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10 Notorious Crimes Committed By The Yakuza

Robert Grimminck


Japan is famous for its low crime rates, but an interesting juxtaposition to their crime statistics is that Japan is also home to the largest and the most immersive criminal organization in the world—the yakuza. The approximately 60,000-member gang is made up of 22 families, called boryokudan (“violence group”). These boryokudan are often made up of smaller affiliated gangs. Out of the 22 boryokudan, there are three main families, which are the Yamaguchi-gumi, the Sumiyoshi-kai, and the Inagawa-kai.

One thing that many readers will notice is that the nature of the yakuza’s crimes are not as shocking and vicious as the crimes of mafias in other countries. Instead, these crimes should speak to the nature of criminal culture in the Land of the Rising Sun.

10 The Murder Of Ryoichi Sugiura

Motorcycle Hitman
The two largest families in the yakuza are the Yamaguchi-gumi and the Sumiyoshi-kai. The Yamaguchi-gumi has about 25,000 men, and the Sumiyoshi-kai boasts a membership of 10,000. Needless to say, a war between the two could be devastating on city streets. On February 5, 2007, that fear almost became a reality for the citizens of Tokyo. Just after 10:00 AM, two men in motorcycle helmets approached the limo of a senior member of the Sumiyoshi-kai, Director Ryoichi Sugiura, and shot him three times through the window of his limo, killing him.

The gunmen were from a gang called the Kokusui-kai, which is affiliated with the Yamaguchi-gumi, and the motive behind the murder concerned a turf dispute. At the time of his killing, Sugiura was negotiating a turf dispute between the Sumiyoshi-kai and the Kokusui-kai. The dispute was over a district in the middle of Tokyo called Roppongi, which used to be the Yamaguchi-gumi’s turf. They had lost it to the Sumiyoshi-kai after battles in the early 1990s. But now, the Yamaguchi-gumi wanted the turf back, and they were willing to kill to get it.

The fear was that a turf war would start in Roppongi district, where many embassies, schools, universities, and nightclubs are located. On the same day of Sugiura’s murder, as well as the day after, members of the Sumiyoshi-kai fired rounds into a Yamaguchi-gumi office and at two other properties owned by affiliates of the Yamaguchi-gumi. Police quelled the attempts at revenge before they got too serious, and no one was injured.

Luckily, the turf war never materialized, or at least, the public was not made aware of it. No one was ever arrested for the murder of Sugiura.


9 The Exploits Of Wataru ‘Jackson’ Inada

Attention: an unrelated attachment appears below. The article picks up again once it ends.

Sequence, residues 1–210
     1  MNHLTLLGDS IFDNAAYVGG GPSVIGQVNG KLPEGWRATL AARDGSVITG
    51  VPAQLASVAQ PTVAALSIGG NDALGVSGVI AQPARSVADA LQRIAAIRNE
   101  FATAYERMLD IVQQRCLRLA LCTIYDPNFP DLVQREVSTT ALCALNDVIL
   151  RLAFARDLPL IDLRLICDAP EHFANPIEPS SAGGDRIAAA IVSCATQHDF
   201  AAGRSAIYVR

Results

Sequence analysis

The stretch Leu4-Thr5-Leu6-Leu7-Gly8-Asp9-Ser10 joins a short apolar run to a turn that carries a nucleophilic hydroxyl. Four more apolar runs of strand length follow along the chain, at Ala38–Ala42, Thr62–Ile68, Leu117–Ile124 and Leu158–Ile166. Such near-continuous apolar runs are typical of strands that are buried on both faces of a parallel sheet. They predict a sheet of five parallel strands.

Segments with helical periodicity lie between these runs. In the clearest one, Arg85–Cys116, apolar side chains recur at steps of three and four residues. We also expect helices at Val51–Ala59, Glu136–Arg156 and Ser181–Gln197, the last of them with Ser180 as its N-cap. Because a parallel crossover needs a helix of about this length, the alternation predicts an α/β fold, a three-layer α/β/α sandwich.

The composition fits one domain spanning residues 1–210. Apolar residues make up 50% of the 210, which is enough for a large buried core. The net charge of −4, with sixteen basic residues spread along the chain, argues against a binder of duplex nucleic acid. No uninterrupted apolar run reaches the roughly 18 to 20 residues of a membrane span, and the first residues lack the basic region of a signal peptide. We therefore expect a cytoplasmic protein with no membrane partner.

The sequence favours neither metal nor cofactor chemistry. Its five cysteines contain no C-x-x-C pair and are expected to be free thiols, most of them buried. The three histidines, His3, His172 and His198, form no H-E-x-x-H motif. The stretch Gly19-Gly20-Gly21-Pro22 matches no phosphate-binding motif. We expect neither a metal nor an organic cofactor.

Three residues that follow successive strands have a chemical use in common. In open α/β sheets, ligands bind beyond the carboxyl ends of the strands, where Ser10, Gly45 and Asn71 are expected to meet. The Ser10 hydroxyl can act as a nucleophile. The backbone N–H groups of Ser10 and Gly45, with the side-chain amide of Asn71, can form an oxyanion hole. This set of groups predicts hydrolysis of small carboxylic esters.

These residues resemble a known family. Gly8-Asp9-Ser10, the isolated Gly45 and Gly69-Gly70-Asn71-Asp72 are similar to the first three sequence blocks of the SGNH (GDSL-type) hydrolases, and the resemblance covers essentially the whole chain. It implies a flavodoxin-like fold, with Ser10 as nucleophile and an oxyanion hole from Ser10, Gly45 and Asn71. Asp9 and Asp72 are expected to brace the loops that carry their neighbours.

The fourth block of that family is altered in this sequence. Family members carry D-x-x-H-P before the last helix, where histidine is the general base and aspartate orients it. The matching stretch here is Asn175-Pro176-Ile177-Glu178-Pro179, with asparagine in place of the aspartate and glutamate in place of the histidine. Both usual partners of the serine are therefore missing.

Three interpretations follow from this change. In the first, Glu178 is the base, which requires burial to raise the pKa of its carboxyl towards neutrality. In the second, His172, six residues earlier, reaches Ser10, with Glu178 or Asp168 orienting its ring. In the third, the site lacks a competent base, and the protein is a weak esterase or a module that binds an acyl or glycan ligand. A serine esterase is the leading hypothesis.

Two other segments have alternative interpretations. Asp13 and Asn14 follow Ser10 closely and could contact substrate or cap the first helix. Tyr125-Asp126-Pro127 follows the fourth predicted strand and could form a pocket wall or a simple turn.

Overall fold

Having so many members, it shouldn’t be a surprise that the yakuza have expanded to other countries. They’ve made inroads in China, South Korea, and even the United States.

One person who was influential in the spread of the yakuza in the United States, especially in Hawaii, was a man named Wataru “Jackson” Inada. Inada, a member of the Sumiyoshi-kai, came from Tokyo to Hawaii in 1972. Over the next two years, he made connections in the US mainland, which included a relationship with the Los Angeles mafia. These connections allowed the yakuza to ship heroin into the United States. During this time, the yakuza and their US mafia connections flew under the radar of the authorities.

That changed in May 1976, when Inada and his girlfriend were found shot to death in an apartment in Honolulu. Inada had been arrested after trying to sell a large quantity of heroin to an undercover officer, and he was planning on testifying against his suppliers. The murder was never solved, but it is believed that he was killed by a local gangster.

Inada’s murder caught the attention of a prosecutor in Honolulu named Michael Sterrett. Sterrett realized that Inada planted the seed of the yakuza, which was becoming more established in the US. Using the connections that Inada had made, the yakuza could ship drugs to the United States, and organized crime syndicates in the US could ship guns to Japan. Sterrett was the first person to bring the fact that the yakuza were becoming a real problem to the Justice Department’s attention.

Even 40 years after Inada came to Hawaii, the yakuza are still a problem in the United States. They are involved with money laundering, human trafficking, and prostitution. In 2012, President Obama froze the assets of two of the biggest yakuza gangs to stop them from doing business in the US.